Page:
Network shmetwork — we got cable!
That’s where the action is now — as in now, this midseason, with a dozen new dramas and comedies premiering in coming weeks (and even more new-season returnees).
But cable is also where the action is now when it comes to the big picture in scripted TV. Nonbroadcast channels now host original series throughout the prime-time schedule. It’s only been a decade since “The Sopranos” proved premium cable meant business in originals, and just eight years since “The Shield” did it for basic cable. Yet despite being available to tens of millions fewer homes, basic cable mainstays such as TNT’s “The Closer” and USA’s “Burn Notice” now draw bigger audiences than all but broadcast’s biggest hits.
USA Network boasts this month that it has four weekly nights of at least one original series (Monday-Thursday, counting Monday’s WWE wrestling). FX now runs acclaimed adult shows year-round, with Jan. 25’s return of “Damages,” giving it three nights weekly (Monday, Tuesday, Thursday). TNT presents a half-dozen of its own dramas, including just-back “Leverage,” and even AMC has award-winners such as “Mad Men” and “Breaking Bad.”
And let’s not forget Syfy, which this week debuts the near-future rivalries of “Caprica” (Friday, 9-11 p.m.), a topical society filled with high-tech innovation — and emotional peril. Eric Stoltz stars as an inventor whose creations may include “virtual” people.
“This year we’re going to have eight original series,” says Syfy president Dave Howe, “which I suspect is more than any other basic cabler.” Syfy is a scripted veteran with a 10-year track record from “Farscape” to “Battlestar Galactica” to “Eureka” to last summer’s freshman hit “Warehouse 13.”
Scripted shows get cablers more critical notice than cheaper, unscripted shows. But they get more advertiser attention, too. Howe says, “There’s still a cachet around scripted compared to reality,” a genre where many advertisers can be skittish about low production values and controversial behavior. (“Caprica” premieres with limited commercial interruption, thanks to a “presenting sponsorship” deal with Verizon Wireless.)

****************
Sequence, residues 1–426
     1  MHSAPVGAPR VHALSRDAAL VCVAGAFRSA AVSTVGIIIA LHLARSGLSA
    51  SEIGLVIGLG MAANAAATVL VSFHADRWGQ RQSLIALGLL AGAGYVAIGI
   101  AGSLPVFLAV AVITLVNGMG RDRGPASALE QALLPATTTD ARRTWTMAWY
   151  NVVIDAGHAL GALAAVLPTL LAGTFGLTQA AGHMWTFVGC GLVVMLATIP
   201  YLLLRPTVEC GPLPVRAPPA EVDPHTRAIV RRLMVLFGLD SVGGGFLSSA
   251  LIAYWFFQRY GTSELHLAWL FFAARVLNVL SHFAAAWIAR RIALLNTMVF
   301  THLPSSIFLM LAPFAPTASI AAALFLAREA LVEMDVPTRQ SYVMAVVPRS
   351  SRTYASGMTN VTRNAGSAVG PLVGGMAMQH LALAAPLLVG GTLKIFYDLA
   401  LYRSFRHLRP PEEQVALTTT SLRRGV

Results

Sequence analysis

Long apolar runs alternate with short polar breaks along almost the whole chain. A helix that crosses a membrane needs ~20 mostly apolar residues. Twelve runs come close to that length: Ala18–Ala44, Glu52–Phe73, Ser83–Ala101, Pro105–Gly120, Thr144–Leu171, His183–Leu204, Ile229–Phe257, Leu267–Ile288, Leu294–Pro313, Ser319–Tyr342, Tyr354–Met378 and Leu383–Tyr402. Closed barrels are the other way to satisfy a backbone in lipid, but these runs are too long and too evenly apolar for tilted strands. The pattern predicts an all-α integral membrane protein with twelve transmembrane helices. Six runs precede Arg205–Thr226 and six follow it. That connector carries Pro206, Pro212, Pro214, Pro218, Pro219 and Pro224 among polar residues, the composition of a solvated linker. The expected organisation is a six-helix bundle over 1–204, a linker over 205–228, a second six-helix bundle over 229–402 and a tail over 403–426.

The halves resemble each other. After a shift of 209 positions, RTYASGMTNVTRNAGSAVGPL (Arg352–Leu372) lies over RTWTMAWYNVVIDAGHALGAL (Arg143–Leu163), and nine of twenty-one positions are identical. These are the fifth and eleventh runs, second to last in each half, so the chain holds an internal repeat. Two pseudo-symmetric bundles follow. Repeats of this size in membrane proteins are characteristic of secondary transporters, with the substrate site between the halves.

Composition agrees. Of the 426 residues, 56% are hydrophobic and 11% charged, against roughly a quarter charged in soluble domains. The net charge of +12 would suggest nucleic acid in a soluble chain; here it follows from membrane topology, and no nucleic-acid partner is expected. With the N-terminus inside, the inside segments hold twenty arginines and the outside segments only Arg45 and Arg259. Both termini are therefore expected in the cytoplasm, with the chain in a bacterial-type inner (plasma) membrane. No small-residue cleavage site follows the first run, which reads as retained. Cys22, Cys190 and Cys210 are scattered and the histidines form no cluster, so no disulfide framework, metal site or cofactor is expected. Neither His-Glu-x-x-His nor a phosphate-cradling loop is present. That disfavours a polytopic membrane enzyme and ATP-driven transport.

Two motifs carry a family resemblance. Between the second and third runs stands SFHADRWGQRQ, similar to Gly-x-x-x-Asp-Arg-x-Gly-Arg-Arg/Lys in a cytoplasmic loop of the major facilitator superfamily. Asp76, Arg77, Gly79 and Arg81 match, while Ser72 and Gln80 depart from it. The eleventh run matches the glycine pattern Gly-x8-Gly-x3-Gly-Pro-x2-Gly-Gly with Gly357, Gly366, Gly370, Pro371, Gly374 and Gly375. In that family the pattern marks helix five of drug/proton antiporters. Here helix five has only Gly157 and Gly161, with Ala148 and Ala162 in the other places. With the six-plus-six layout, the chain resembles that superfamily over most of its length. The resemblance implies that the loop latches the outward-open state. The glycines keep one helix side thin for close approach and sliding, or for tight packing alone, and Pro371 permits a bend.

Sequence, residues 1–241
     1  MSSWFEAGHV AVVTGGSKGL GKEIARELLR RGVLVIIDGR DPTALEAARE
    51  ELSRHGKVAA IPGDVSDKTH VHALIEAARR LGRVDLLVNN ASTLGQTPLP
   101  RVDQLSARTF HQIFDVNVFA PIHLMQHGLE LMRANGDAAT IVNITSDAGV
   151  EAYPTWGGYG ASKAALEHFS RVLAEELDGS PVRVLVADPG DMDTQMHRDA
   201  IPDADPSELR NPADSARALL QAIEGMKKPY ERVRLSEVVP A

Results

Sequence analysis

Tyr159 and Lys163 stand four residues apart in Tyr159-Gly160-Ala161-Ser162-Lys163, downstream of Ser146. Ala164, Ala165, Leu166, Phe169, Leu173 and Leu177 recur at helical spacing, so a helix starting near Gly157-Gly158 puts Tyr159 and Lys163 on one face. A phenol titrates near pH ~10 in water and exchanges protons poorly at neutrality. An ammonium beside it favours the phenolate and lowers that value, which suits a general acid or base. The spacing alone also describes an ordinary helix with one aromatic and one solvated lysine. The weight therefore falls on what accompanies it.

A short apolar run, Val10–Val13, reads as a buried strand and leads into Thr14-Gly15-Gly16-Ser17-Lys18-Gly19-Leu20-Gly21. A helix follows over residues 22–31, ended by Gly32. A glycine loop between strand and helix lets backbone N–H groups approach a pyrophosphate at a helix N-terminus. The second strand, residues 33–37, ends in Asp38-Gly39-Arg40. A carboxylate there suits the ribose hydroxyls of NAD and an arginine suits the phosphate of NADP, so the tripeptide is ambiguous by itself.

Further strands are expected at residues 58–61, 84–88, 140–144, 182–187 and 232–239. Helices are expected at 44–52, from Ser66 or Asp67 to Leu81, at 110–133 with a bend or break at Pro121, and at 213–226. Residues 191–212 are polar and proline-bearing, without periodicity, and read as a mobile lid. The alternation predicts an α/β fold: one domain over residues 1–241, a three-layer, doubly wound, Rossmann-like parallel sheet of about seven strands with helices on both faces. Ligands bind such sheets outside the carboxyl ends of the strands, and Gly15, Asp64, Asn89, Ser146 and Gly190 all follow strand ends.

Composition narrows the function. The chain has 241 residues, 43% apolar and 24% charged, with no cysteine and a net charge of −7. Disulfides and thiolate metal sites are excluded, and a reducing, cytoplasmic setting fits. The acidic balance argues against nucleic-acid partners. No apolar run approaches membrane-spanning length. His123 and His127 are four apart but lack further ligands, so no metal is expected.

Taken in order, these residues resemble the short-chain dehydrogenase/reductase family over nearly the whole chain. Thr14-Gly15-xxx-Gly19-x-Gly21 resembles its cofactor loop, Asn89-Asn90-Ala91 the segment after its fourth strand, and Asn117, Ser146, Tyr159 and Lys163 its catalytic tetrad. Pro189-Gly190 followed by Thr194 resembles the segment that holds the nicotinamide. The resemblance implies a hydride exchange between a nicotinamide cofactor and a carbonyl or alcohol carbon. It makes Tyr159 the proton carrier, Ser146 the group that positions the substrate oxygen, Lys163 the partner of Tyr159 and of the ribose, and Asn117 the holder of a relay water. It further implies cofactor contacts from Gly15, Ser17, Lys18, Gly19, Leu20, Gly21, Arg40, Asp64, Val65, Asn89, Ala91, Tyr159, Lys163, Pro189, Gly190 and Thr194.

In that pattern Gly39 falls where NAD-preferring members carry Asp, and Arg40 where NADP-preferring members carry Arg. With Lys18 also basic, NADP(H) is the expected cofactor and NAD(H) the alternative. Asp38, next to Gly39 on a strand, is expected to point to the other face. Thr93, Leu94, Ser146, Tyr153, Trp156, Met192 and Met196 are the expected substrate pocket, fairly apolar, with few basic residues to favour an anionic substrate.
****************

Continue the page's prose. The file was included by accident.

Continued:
Of course, that’s not an issue in ad-free premium cable, where subscribers pay the freight. But originals create interest and identity here, too. HBO could divide its history into before “The Sopranos” and after, while Showtime was largely buzzless before the likes of “Queer as Folk” and “Dexter.” By spring, original drama/comedy will be airing three nights a week on both HBO (Sunday, Tuesday, Friday) and Showtime (Sunday, Monday, Tuesday).
Joining the fray is No. 3 premium Starz. Long focused on theatrical films, the channel started getting serious about series in 2008 with “Crash,” the Dennis Hopper drama based on the Oscar-winning film. Last year, its Hollywood-set comedy “Party Down” became a cult favorite.
This week, Starz debuts the audacious mold-breaker “Spartacus: Blood and Sand” (Friday at 10 p.m.; the premiere also airs at the same time on sister channel Encore), an in-your-face assault of explicit graphic-novel visuals, with more blood, sex and full-frontal nudity than series TV has ever seen. Yet this gladiators tale is also a rich and mature saga of tested relationships, twisted politics and even relevant economic woes. Its signature blend of computer-imaged backgrounds and sweeping New Zealand locations looks like no other show.
“We want to do series that fit in with our movies, that are more cinematic in nature,” says Stephan Shelanski, programming chief at Starz Entertainment. Even his job title, referencing a corporate structure rather than a channel, hints why scripted series are becoming more common on more channels.
And just as cablers are making moves into broadcasters’ scripted territory, NBC and other networks are taking a trick or two from cable. Have you noticed how “season” premieres in cable often happen twice a year? This month’s much-hyped returns on USA — “White Collar” (starting Tuesday at 10 p.m.), “Burn Notice” (Thursday at 10p.m.), “Psych” (Jan. 27 at 10 p.m.) — are actually continuations of “new” seasons started last year.
NBC similarly touted its “Heroes” return from holiday hiatus this month. ABC will promote “spring seasons” of fall arrivals “Flash Forward” (March 18) and “V” (March 30). Ditto on The CW for “Gossip Girl” (March 8).
“I think the differentiation between broadcast and cable is over,” Syfy’s Howe says. “You surf up and down, and there’s original scripted and reality on pretty much every network. The younger viewer, in particular, doesn’t give a damn what network they’re watching.”